The Food and Drug Administration announced Tuesday that it would replace its lifetime ban on blood donations from gay and bisexual men that has been in effect since 1983 with a one-year deferral policy.
Gay and bisexual men may now donate blood if they haven’t had sexual relations with other men for a year.
The FDA said in a statement that it will “recommend a change to the blood donor deferral period for men who have sex with men from indefinite deferral to one year since the last sexual contact.”
The agency implemented the ban in 1983, in the early years of the AIDS epidemic. The Red Cross, responding to Tuesday’s announcement, called the lifetime ban “unwarranted” and supported the FDA’s position to move to a one-year deferral. The American Medical Association had said the FDA’s ban was “discriminatory and not based on sound science.”
Although there had been resistance to easing restrictions on gay blood donations, the FDA said the policy change came about after it had “carefully examined and considered the available scientific evidence.”
That evidence includes the fact that tests to detect HIV have greatly improved over the decades and that screenings can detect the virus in about 10 days. Or, how Dr. Barry Zingman told Men’s Health, “It takes a week or two to diagnose HIV, not a lifetime.”
The FDA will issue a draft guidance for the change in 2015, followed by an opportunity for public comment.
But LGBT advocates have already spoken up, saying that while the announcement was long overdue, it represents only a modest step toward a completely non-discriminatory law.
“Ultimately, it’s not enough,” said Ryan James Yezak, founder of the National Gay Blood Drive. “The reason people are so frustrated is that this is the announcement after 31 years, and this is all that’s being done.”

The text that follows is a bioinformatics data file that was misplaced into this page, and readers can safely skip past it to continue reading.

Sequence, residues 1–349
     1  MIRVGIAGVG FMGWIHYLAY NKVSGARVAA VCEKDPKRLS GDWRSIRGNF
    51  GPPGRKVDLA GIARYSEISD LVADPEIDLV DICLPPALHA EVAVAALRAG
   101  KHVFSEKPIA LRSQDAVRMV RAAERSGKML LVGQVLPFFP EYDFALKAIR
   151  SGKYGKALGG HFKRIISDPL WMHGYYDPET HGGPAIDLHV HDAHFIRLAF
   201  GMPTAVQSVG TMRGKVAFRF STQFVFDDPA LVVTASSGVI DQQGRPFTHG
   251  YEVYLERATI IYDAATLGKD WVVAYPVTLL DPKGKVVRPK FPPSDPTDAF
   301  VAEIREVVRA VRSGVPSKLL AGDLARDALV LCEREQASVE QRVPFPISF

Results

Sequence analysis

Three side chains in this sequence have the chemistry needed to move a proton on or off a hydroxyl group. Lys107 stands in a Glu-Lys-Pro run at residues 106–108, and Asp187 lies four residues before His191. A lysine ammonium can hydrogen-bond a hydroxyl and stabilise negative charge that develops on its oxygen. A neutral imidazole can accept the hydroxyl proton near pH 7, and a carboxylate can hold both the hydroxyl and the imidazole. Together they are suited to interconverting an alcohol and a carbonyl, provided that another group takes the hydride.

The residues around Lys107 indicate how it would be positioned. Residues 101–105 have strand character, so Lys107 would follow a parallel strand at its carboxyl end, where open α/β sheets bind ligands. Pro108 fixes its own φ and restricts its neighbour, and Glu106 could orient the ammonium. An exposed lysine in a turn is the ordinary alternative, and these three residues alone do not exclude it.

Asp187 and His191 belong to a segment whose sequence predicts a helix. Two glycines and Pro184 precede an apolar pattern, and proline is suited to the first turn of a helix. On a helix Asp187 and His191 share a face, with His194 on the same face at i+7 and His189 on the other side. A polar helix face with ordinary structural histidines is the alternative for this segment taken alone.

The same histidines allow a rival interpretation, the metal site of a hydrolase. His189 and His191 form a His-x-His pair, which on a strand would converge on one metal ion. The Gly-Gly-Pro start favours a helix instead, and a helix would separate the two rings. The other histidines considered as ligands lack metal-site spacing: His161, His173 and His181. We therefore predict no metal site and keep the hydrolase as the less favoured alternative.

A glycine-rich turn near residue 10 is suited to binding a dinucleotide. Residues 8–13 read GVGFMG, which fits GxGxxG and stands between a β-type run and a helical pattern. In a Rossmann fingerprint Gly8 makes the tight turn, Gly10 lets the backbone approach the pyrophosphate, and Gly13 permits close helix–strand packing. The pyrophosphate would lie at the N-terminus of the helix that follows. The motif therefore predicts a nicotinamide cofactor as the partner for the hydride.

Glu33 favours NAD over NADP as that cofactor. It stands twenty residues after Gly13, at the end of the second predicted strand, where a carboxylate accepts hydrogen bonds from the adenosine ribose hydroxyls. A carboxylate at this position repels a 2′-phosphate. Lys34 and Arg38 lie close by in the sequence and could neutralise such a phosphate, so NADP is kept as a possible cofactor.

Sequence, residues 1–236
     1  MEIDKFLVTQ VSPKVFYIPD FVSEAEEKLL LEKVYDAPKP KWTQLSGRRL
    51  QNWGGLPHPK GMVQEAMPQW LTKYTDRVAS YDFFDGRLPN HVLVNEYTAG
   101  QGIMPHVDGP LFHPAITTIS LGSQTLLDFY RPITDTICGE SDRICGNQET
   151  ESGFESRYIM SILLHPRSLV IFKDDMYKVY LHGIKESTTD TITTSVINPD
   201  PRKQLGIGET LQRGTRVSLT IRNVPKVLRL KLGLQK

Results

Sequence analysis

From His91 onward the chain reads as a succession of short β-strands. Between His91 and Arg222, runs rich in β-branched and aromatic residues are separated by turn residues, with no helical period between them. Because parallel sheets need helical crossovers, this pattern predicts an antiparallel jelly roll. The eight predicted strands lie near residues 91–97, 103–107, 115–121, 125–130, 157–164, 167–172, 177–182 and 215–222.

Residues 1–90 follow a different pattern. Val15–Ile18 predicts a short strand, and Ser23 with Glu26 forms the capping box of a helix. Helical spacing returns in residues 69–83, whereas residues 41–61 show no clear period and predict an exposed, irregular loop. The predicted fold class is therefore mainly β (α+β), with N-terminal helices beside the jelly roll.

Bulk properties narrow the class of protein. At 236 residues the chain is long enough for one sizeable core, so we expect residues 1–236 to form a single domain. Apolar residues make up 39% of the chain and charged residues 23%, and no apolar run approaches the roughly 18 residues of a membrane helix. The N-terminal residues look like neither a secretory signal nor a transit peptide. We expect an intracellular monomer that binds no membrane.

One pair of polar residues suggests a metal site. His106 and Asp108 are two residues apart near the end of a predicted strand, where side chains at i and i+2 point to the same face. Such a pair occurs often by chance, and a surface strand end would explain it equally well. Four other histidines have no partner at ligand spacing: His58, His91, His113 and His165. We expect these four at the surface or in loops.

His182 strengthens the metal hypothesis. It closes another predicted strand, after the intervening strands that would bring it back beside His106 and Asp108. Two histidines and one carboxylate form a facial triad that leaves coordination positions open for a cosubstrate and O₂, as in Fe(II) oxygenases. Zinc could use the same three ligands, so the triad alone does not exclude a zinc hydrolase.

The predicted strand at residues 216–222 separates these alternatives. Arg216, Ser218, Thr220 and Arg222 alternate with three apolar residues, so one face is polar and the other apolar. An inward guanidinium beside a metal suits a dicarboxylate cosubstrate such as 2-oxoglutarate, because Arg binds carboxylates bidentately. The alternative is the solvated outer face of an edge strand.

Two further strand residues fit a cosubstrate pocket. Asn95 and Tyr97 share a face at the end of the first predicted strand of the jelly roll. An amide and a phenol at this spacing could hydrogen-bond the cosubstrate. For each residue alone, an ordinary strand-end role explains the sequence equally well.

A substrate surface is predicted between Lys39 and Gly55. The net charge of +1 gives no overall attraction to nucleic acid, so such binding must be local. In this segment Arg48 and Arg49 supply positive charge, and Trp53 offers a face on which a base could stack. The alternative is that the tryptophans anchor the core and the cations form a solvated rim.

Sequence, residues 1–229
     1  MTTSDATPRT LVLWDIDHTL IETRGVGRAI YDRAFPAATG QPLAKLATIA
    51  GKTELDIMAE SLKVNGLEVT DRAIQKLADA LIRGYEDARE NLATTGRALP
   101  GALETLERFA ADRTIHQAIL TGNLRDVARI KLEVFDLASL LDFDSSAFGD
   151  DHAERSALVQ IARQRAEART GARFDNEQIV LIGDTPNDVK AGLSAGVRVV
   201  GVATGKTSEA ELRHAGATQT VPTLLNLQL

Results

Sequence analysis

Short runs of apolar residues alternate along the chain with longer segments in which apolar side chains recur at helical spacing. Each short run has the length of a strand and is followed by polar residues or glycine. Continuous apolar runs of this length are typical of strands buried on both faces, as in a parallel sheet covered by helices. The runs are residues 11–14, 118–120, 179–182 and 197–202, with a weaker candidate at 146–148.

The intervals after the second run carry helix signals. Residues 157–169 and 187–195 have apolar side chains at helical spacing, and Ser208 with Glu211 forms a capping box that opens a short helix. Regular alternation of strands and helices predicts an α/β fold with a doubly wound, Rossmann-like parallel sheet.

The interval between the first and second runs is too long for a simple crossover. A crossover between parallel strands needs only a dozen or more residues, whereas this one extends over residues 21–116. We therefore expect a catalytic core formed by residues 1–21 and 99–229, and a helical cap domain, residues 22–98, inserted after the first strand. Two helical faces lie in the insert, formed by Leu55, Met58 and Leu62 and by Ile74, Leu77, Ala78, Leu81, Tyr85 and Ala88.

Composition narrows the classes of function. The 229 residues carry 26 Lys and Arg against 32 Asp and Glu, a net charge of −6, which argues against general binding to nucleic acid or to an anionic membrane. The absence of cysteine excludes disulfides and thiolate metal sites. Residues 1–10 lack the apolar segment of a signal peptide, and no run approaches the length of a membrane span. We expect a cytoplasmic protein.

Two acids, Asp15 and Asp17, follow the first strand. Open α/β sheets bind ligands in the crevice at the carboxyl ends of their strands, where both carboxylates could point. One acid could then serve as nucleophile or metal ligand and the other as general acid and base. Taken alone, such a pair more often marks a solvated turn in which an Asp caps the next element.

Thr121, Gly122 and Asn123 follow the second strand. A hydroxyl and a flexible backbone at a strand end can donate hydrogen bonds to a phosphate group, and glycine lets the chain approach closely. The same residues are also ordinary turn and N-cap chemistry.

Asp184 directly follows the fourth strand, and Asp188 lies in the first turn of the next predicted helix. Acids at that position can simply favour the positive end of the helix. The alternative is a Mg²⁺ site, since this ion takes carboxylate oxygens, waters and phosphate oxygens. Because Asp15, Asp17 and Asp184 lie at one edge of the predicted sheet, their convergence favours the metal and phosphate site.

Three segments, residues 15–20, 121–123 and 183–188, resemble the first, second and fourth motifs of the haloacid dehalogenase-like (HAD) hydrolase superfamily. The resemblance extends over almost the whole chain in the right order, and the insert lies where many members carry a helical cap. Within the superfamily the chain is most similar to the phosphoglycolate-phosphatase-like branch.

“But I think the frustration is reactionary,” Yezak said, adding that it was important to note that the process is incredibly complicated and time-consuming.
“When you get into it and see exactly how this process works, we’re satisfied for the moment,” he said.
Yezak, along with other advocates, have long argued that these half measures perpetuate the stigma of the gay man as a risk to the blood supply.
“Science supports something further, and those who have been paying attention to this for a while know that a time-based deferral should be based on risk and applied to everyone who is sexually active, not just gay and bisexual men.”
I. Glenn Cohen, a law professor at Harvard University, who specializes in medical ethics, said to look to our Western peers for guidance.
“I think the best evidence on this question is the experience of our peer countries and none have seen increase of infection in blood supply after changing their policies from a lifetime ban,” he said. “On the downside, most sexually active gay men have had sex with a man in the last year, so the new guidelines are still to conservative, but it’s still a step in the right direction.”